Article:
Shimla’s witnessing a quiet revolution: women spearhead a voluntary blood donation campaign
REVOLUTIONS, as a rule, happen on the quiet. Slowly and steadily, they gather momentum before bursting on the scene. One such revolution is quietly finding its feet in Shimla: a voluntary blood donation campaign being led by women.
For the past few years, Shimla’s women donors, from all walks of life and of all age-groups, have been working hard to take the movement to the masses. That they’ve been successful is very clear from the fact that blood donation camps have seen a huge surge in the number of women who opt to donate blood; sometimes, their number even crosses that of their male counterparts.
Madhu Sudan, a Shimla resident, is one such example. The 49-year-old teacher has donated blood a mind-boggling 75 times now and is a motivating force in blood donation camps. The idea of blood donation, she says, came to her at an early age when she was 18 and in Chandigarh along with her mother to visit relatives at PGI. “I came across a beggar who was begging for money to buy medicine for the treatment of his ailing child. I later learnt that the child also needed blood — I volunteered to donate blood.” That was the first time. From number 1 to number 75, Madhu Sudan’s made it a promise for life. “That’s because I realise how important it is.”
From the age of 18, she’s donated blood about five times a year and prefers to donate blood for patients in critical conditions. “Because that's when it's the toughest for relatives and attendants to arrange for blood,” she explains.
Snapping closely at heels is Rama Sharma, who at the age of 39, has donated blood 62 times. Besides blood, she's even donated her eyes and kidney after death. “I started donating blood in 1993 at a blood donation camp. But I actually understood its importance in 1995 when I donated blood for a patient whose life depended on it.” Sharma, whose negative blood group makes it all the more important, now donates blood six times a year. “I’m also on the emergency rolls of voluntary blood donors at Shimla’s three hospitals: IGMC, DDU and Kamala Nehru Hospital. “I take my role very seriously indeed.”
Women, however, have found a platform with Ashadeep, a Shimla-based NGO which besides espousing the cause of blood donation, have encouraged women to step forward in a big way. “It’s obvious that efforts have paid dividends,” says Ajay Srivastava, convener of Ashadeep. “The idea of roping in women for this cause germinated in 1998 when we started holding blood donation camps exclusively for women.” Women’s eagerness and fervour for the cause was a cause of surprise for all. “A pleasant surprise,” specifies Srivastava.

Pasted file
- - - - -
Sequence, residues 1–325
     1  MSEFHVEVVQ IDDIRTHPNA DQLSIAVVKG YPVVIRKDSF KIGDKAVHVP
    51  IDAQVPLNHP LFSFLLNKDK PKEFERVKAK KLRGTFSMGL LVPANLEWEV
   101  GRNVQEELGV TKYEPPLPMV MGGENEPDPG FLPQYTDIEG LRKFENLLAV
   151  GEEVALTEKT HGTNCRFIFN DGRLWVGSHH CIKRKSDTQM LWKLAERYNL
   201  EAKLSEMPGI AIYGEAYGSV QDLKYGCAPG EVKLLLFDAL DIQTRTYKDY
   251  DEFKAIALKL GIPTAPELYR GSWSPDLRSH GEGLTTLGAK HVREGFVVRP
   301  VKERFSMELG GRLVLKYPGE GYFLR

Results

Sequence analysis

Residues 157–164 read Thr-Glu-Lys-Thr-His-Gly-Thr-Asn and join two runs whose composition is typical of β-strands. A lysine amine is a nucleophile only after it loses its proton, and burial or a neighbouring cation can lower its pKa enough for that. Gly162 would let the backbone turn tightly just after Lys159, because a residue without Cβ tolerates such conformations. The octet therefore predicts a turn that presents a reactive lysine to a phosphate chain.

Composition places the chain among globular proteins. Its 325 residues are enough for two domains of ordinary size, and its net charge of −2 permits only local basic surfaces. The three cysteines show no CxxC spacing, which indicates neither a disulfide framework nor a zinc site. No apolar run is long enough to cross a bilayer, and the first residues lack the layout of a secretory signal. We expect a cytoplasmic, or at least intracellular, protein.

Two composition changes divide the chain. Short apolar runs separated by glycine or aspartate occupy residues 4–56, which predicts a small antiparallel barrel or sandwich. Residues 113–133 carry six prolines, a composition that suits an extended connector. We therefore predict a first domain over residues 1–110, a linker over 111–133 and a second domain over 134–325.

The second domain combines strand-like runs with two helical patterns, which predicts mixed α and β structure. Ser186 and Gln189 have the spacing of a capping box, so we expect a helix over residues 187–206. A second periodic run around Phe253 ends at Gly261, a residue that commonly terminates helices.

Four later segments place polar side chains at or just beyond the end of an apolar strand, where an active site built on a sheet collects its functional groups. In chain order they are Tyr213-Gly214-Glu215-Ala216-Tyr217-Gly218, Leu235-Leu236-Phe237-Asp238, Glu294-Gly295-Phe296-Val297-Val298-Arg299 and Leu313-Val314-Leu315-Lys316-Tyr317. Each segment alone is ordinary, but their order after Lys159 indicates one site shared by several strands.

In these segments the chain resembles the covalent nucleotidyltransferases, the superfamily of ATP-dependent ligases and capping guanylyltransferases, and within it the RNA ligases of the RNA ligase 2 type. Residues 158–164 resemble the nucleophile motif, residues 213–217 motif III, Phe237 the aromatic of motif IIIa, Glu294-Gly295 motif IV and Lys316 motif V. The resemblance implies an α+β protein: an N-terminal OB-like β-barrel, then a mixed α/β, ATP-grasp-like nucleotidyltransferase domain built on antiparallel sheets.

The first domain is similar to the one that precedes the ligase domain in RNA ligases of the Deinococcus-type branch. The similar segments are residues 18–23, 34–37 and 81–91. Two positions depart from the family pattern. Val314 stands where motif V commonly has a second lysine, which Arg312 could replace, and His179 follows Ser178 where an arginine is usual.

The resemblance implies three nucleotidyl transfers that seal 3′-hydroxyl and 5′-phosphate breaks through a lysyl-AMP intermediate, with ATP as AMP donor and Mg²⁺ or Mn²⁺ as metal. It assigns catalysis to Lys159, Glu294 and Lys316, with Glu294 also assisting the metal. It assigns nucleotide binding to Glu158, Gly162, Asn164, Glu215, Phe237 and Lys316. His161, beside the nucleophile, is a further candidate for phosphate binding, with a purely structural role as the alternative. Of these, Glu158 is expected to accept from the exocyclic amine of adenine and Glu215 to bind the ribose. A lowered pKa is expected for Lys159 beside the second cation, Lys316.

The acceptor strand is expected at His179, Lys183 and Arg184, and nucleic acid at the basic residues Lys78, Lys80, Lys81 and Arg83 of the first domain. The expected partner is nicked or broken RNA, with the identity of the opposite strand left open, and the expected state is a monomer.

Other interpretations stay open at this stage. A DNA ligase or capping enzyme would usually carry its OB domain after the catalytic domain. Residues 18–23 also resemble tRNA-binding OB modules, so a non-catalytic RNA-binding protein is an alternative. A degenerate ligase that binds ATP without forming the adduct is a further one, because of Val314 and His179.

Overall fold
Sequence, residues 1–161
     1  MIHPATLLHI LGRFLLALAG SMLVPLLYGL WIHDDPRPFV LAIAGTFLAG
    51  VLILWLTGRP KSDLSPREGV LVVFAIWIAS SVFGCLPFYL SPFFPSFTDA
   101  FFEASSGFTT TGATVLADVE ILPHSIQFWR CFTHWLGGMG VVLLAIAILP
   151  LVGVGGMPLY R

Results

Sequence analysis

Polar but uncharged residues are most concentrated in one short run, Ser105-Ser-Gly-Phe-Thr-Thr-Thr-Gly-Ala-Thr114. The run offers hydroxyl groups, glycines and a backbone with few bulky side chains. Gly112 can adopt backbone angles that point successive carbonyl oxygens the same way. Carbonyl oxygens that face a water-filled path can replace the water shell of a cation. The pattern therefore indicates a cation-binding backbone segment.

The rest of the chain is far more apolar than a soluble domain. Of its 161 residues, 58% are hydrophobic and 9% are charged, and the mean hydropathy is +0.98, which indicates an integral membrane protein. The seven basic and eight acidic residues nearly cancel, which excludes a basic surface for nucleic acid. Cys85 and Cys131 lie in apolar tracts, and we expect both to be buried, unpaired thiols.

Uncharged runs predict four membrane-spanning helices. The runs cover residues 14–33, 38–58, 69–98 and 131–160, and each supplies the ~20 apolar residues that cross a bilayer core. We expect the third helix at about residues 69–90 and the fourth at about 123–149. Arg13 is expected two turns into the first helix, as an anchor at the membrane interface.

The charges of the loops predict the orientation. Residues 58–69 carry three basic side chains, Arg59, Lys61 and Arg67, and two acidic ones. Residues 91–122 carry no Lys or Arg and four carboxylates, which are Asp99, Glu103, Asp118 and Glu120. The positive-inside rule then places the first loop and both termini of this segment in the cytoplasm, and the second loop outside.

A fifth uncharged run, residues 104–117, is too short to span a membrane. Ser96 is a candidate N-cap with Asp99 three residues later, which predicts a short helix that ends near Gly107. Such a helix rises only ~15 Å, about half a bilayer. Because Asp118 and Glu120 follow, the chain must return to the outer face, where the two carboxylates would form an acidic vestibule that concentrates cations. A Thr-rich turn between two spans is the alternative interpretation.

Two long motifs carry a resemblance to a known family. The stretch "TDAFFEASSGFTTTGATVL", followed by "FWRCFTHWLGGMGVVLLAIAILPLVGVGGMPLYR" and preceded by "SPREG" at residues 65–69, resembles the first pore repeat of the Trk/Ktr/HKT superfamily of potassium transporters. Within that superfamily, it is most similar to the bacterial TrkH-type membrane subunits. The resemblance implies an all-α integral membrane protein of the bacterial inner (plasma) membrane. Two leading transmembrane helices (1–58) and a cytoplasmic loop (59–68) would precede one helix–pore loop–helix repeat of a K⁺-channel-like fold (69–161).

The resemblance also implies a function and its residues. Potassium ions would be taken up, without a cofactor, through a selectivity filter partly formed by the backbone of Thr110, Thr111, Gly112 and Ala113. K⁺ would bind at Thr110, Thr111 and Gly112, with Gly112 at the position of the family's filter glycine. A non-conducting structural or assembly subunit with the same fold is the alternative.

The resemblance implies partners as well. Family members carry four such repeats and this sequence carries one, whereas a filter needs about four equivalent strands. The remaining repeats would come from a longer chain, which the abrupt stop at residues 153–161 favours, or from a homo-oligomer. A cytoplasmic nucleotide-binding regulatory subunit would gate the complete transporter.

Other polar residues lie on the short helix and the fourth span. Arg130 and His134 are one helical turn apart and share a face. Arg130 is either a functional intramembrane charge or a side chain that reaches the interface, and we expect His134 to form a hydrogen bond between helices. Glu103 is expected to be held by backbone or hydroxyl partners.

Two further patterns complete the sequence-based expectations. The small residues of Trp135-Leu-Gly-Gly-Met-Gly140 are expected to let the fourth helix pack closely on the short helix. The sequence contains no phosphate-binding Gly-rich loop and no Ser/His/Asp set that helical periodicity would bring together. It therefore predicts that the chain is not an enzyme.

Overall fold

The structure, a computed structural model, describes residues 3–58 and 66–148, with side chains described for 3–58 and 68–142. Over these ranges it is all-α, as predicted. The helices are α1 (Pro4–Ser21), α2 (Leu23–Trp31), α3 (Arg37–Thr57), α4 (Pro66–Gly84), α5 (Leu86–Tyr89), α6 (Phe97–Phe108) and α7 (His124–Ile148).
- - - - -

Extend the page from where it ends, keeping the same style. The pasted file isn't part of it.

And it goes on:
Ashadeep played the role of motivator to involve as many women in this endeavor to make it a mass movement in the state and it was felt that women were a capable medium to spread the movement, “as they are sensitive and emotionally attached to whatever cause they support,” believes Srivastava, “for they spread the message fervently. Involving women is a investment for the future.”
Pratibha Singh, MP and wife of Chief Minister Virbhadra Singh, is also a regular blood donor. She’s donated blood for about 30 times at various camps. Chief Electoral Officer Manish Nanda, too, is a donor. The number: seven as of now.
At colleges across the capital city, the revolution's spreading slowly but steadily. Rajkiya Kanya Maha Vidhalya and St Bede’s College have regular annual blood donation camps on their campuses, where the girl students actively participate. Vijay Negi, a second-year student at RKMV, recently donated blood at a camp organised by Ashadeep, which saw as many as 75 women get-together for the cause. “It was inspiring and stirring,” says the young student.
Interestingly, women’s involvement is being recognised. Recently, citations and mementos were presented to women donors and some were also honoured by Chief Minister Virbhadra Singh.